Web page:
Vinyl and Paperbacks

About four years ago I bought my first mp3 player. I couldn’t quite stretch to an iPod, so I opted for a Creative Zen, which I still own and happily use.

It was extraordinary being able to collect 2-3,000 tracks and carry them all with me at all times, on the bus, in the car, on holiday. I could make my playlists, skip, mix, listen at random, select an album or a specific artist. I plugged it into the stereo, set it on shuffle and let it run for a couple of hours without the need of changing disks.

I really have a lot of fun with my Zen.

Last month a musician friend of mine sent me a copy of his band’s brand new EP. It was a special moment unwrapping it from the cellophane, extracting the vinyl (in a funky yellow colour), placing it on my turntable and listening to it in all his beautiful, crackling glory.

While I was at it, I decided to give a spin to some of the records in my collection and was transported back to times gone when I would run home with my latest purchase from the small independent record shop round the corner, impatient to see, hear and feel the multi-sensory music experience that was an LP.

As much as I love technology and the convenience of downloads and mp3s, there will always be a special place in my heart for the good old vinyl.

I love the way it looks and sounds, the dedication that goes into playing a record – dust it, place it on the record player, lower the needle on the right spot, get to the end of one side, turn it around, start again.

If mp3s are music on the go, vinyl is for taking your time and savouring the work and thought that has gone into it. It’s the fine dining of music versus the fast food chain that it’s a download, with all the attention to details – the cover art, the inner sleeve, the printed lyrics – served with the main dish.

Nothing beats vinyl.

Three months ago I finally got my birthday present, which had been on my list for some time: a Kindle Touch.

I was won over immediately. Again, the practicality of being able to carry all the books I love and/or want to read at once was a major positive, as well as the solution it offered to one of the biggest problem facing passionate readers: storage and space, or rather, lack of.

To that add the convenience of being able to acquire a book any time and from anywhere, and the Kindle really comes into its own.

And you have all the handy features that allow you to highlight and bookmark passages, look up a word, change the font size, write your own notes, copy a playlist of music to listen to while you read, without moving from your chair.

What a fabulous gadget!

Yesterday I received in the post a copy of my book “Playing On Cotton Clouds”, which is released in paperback today and available to buy from Amazon.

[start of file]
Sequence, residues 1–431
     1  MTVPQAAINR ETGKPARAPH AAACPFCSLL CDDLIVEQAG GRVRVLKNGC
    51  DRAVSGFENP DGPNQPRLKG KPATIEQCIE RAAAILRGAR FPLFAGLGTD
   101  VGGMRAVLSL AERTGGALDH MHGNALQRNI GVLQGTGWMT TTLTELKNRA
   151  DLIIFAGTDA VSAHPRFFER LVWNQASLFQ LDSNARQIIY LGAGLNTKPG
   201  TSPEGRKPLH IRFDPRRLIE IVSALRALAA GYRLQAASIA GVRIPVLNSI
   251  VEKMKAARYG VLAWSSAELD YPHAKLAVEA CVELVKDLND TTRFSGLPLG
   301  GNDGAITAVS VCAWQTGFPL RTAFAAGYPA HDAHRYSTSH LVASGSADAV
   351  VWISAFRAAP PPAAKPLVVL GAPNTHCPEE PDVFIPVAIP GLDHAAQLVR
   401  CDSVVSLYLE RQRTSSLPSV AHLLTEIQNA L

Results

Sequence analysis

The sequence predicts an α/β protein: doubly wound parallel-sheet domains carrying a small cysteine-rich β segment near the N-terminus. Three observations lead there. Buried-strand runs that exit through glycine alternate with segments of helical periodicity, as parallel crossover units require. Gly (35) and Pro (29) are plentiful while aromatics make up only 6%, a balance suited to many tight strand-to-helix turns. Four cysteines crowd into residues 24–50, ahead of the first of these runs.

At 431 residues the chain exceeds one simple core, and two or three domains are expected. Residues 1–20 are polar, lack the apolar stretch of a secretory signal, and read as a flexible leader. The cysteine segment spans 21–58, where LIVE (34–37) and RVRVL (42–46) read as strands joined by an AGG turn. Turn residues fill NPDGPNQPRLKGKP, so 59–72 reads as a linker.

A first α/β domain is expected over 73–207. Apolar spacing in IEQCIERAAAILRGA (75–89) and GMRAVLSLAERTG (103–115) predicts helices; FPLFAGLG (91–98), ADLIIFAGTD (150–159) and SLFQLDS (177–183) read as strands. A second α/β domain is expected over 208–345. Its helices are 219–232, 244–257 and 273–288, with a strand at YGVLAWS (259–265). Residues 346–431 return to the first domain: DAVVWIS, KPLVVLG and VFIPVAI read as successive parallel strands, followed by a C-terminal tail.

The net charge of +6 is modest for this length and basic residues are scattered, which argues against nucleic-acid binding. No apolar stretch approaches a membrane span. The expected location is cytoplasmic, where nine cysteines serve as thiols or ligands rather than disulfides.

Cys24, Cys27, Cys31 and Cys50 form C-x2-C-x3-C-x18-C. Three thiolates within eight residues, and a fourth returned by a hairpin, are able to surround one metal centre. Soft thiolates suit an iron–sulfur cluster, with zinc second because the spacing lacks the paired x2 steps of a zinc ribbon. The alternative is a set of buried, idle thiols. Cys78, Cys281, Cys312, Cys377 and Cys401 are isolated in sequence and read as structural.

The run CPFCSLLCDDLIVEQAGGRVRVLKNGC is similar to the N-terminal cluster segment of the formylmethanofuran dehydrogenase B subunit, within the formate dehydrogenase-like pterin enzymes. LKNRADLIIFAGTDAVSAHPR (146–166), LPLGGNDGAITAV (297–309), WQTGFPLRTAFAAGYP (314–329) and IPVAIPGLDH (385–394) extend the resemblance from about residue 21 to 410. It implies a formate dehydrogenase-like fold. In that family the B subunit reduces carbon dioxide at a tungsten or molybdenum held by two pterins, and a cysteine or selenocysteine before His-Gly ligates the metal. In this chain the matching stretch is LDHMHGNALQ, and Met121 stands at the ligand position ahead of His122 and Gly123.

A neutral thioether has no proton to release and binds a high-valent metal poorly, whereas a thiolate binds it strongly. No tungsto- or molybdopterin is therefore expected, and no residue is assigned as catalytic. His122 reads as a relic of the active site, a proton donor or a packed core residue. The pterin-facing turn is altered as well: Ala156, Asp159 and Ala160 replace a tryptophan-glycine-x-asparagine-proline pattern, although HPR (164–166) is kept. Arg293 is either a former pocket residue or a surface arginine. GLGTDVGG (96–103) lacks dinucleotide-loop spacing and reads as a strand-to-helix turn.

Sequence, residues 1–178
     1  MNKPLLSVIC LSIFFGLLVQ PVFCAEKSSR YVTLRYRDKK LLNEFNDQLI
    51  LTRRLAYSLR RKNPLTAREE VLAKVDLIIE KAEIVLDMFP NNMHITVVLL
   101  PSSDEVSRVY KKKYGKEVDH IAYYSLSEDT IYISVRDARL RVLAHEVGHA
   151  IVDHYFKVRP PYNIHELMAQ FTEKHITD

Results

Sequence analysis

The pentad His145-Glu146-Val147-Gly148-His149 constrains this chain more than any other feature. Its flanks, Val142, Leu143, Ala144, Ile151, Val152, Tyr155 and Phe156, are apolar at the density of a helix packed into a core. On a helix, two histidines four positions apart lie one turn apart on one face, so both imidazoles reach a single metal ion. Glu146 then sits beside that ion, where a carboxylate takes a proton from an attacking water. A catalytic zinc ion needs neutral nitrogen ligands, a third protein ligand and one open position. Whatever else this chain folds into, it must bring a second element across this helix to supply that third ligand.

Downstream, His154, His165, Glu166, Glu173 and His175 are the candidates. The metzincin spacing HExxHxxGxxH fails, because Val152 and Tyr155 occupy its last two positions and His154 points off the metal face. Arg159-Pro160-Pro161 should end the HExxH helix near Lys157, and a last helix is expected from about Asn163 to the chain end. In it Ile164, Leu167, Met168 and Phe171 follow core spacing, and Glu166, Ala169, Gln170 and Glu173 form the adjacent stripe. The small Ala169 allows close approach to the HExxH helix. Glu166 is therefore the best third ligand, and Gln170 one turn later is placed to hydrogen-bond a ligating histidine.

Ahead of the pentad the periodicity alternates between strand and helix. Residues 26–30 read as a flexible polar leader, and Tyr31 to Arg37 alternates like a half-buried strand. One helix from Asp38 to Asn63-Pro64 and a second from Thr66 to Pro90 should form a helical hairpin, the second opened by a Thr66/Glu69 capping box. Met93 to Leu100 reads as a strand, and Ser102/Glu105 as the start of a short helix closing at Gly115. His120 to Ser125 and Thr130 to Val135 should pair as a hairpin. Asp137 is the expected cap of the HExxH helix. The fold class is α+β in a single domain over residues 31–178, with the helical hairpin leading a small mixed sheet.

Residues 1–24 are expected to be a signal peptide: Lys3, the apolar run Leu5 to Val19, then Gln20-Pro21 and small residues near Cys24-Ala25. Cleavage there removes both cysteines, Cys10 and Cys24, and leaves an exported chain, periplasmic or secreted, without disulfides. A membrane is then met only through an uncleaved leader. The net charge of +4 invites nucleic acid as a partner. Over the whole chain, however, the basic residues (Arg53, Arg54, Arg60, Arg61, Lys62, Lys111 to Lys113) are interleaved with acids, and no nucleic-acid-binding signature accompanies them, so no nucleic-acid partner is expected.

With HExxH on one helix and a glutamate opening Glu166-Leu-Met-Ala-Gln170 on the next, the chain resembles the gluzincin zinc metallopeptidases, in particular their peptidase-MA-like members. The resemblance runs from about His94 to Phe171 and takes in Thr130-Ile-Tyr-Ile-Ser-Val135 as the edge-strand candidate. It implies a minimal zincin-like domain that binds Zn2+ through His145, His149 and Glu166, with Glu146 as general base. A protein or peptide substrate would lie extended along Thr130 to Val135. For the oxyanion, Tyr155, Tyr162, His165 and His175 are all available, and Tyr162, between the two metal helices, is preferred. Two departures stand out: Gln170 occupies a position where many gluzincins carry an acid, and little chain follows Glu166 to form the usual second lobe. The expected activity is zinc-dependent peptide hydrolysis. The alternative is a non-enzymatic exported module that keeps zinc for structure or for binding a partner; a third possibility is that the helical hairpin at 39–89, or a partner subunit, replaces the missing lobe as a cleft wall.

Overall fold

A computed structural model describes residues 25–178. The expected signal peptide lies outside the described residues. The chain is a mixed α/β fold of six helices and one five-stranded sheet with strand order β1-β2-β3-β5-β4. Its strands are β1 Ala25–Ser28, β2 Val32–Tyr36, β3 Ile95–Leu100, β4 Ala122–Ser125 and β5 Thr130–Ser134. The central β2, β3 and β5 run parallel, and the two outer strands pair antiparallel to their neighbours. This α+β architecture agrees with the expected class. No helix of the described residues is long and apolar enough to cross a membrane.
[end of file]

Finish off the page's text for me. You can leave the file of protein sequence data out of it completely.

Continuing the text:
The novel had been published by Crooked Cat Publishing in ebook format back in April and I was very proud of all the great reviews and comments readers left on Amazon, Goodreads, my Facebook page. It was the realization of a long time coming dream.

But yesterday I was holding my book in my hands. Not a digital book on Kindle, but an actual, real paperback. It had a shiny, colourful cover, a front and a back. It had pages I could turn and on them were printed the words that had taken nearly half a year for me to write. It had a smell and a feel and occupied physical space.

Specifically, it was placed on a shelf side by side with some of my favourite books and authors: Helen Fielding, Lisa Jewell, David Nicholls… Michela O’Brien!

It was simply a little miracle.

I will still download mp3s and ebooks, I will still love my Zen and my Kindle and how they have made my life simple.

But I will still buy beautiful records and books, always cherish my favourites and how they have made my life colourful.

Yours Truly proudly holding her book!

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7 Responses to Vinyl and Paperbacks

  1. Steph says:

    Fab post, Michela. Great pic of you with your book – and your records!

  2. Deja vu! I thought I had replied to this post but it went something like this. I’ve got heaps of vinyl which was converted to cassette tapes (also stored now), converted to CDs, and then to tiny CDS… D/h has the mp3s. Loads of print books and we’ve got kindles, but what matters is what you say, the sounds and words won’t be forgotten. My problem with ebooks is that many are in ‘ether’ already and I don’t have the freedom to pull them off the shelf and reacquaint myself with the blurb so visually , so colourfully, or so easily. Nice one Michela!

  3. kimmwalker says:

    I’ve got a Creative Zen, too! I love it because I can listen to Radio 4 while gardening and record ideas, dialogue and even scenes for my wip while walking the dog. I love multi-tasking ;o)
    Great post, Michela.

  4. Pingback: Vinyl and Paperbacks « Nuts and Crisps

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